Monday, December 27, 2010
The Signs, They Aren't A Flashin'
Last week, to recap, I discussed the ongoing efforts the City takes to improve our visual attractiveness and improve pedestrian and vehicular safety by monitoring and removing illegal stake and utility pole signs. If you missed the blog entry, or want to see my handsome face (my wife's statement, not mine), you can view the latest Video Dover Download with similar coverage, http://vimeo.com/18148399.
This week I want to focus on Flashing Signs. In Dover, flashing signs include electronic message boards and other similar technologies which allow text to change. We have prohibited these signs since 2007.
The first one of these signs entered Dover in the early oughts. The Regulations at the time stated that signs that showed the time date and temperature were OK, and a few banks in Dover had them. An insurance company wanted to have its rates etc change, instead of the manual message board it had used. Upon applying to the Zoning Board for approval, it was determined that it took 10 minutes for a message to be removed and changed manually. The rule became that you could use an electronic sign, if the text or animation didn't change more than once every ten minutes.
This condition seemed to work well. And was adhered to for a number of years by the few business that used this type of sign. A jeweler, which had agreed to the limitation subsequently decided that it no longer wanted to, and challenged the City on this issue. We ended up in Court and the Court supported the City. At the same time, other communities were changing their regulations to prohibit the signs altogether. Dover chose to go this route. The State's Supreme Court held that an all out ban was legal, and in fact a better option that limiting certain elements of the sign (such as stating that time, date and temp were OK, but other speech was not).
Thus, in 2007 Dover outlawed all flashing signs. We have held internally that this includes LED letters for prices etc. Since 2008 we have had several requests to change the regulation to allow prices to be shown as LED letters. We have refused this change. Recently, a gas station owner asked me to bring the request to the Planning Board, which I will do in January.
Why don't we allow the flashing signs, or electronic message boards? Its a simple 2 part answer. First, numerous studies show that moving pictures and video, or flashing or scrolling text, can pose a dangerous distraction to drivers. It is a public safety concern. Secondly, as I went over last time, we have strong concerns about the impressions that people have of Dover. The community has a character that it is striving for and we hope that people in Dover and those visiting it have a positive feel for the City.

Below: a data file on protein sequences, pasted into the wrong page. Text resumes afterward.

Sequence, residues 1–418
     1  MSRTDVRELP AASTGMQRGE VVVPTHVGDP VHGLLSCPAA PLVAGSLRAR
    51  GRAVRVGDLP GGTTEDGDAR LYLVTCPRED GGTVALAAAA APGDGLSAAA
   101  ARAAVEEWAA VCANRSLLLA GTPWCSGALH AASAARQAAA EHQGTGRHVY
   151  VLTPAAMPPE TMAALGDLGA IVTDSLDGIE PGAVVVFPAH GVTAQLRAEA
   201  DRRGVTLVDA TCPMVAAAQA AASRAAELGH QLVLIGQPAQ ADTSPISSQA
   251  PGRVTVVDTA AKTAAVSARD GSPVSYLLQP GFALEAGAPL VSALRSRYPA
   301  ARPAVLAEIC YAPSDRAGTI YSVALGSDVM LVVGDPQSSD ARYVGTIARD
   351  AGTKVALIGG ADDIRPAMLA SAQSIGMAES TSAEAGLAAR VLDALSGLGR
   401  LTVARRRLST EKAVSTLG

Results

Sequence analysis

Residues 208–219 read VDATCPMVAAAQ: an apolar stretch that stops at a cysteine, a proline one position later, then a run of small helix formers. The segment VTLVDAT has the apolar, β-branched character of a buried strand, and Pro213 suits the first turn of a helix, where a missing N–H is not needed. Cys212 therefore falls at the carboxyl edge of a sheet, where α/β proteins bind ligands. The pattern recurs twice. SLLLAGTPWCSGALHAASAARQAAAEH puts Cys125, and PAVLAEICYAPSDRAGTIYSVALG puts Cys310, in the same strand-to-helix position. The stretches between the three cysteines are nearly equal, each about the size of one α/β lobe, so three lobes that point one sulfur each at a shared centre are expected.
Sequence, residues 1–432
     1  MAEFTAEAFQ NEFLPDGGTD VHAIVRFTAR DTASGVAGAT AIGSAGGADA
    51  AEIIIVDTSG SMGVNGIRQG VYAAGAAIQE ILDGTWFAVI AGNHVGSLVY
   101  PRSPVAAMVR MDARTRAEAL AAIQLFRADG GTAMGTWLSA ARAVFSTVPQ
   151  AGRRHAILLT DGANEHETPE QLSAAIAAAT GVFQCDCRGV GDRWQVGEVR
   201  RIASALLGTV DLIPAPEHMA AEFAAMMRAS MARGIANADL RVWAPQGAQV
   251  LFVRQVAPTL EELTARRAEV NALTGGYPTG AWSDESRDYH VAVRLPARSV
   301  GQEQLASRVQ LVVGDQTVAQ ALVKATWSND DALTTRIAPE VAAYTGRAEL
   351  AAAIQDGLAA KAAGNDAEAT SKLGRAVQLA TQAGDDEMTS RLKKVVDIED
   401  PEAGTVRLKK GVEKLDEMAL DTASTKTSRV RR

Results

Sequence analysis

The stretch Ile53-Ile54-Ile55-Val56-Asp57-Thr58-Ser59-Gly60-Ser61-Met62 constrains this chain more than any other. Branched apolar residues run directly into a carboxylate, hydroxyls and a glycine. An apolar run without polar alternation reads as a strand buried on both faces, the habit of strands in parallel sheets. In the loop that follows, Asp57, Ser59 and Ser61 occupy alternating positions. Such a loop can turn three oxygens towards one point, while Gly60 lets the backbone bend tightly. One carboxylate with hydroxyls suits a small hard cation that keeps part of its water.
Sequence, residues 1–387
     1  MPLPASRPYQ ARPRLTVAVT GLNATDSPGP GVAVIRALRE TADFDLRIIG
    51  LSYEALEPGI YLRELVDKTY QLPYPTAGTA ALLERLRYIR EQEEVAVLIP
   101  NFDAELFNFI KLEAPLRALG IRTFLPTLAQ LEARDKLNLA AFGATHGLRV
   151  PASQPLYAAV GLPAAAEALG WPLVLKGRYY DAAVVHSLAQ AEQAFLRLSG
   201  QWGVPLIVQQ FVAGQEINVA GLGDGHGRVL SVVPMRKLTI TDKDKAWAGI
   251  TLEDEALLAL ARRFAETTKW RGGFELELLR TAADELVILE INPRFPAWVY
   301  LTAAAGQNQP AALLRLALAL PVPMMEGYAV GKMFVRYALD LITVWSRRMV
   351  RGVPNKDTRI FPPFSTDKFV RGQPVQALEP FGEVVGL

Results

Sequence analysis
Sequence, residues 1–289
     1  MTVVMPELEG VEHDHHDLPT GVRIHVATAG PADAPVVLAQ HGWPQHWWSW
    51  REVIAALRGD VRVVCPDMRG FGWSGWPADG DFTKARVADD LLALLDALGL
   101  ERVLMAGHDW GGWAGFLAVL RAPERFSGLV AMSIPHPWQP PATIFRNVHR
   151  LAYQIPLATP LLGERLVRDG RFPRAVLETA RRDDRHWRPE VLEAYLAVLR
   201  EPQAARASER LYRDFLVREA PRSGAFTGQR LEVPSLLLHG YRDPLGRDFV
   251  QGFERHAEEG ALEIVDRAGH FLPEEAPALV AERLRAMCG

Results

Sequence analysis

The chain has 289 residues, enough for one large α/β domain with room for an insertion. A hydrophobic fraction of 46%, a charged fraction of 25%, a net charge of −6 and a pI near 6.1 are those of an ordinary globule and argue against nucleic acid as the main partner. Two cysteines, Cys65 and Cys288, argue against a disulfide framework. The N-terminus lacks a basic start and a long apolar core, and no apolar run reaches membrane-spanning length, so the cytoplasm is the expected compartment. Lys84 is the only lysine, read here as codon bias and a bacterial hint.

In certain circumstances, such as a pedestrian oriented entertainment
districts, video display signs can create mood, interest and energy, a vibe if you will. However, serious highway safety questions have been raised concerning flashing signs by the Federal Highway Administration (FHWA), National Highway Traffic Safety Administration (NHTSA), the University of North Carolina Highway Safety Research Center, Municipal Research and Services Center of Washington and Wisconsin Department of Transportation. Want to see more reports, stop in.
As one might guess, these studies reveal that driver distraction continues to be a significant underlying cause of traffic accidents. The National Highway Traffic Safety Administration estimates that at least 25% of police-reported crashes involve some form of driver inattention. Driver distraction is one form of inattention and is a factor in over half of these crashes. These studies are similar to the ones that have supported bans on texting and other distractions.
Due to the constant changing (pun intended) nature of technology, it is not feasible for the community to develop technology based sign regulations, rather the regulations must address operational characteristics, capabilities and functions.
We don't want a Vegas strip feel as you drive through our City, and we want to make sure that as you drive through, you do so safely.
Well, that's the final blog post, presumably, for 2010. Have a Happy New Year and safe, productive and resolute 2011.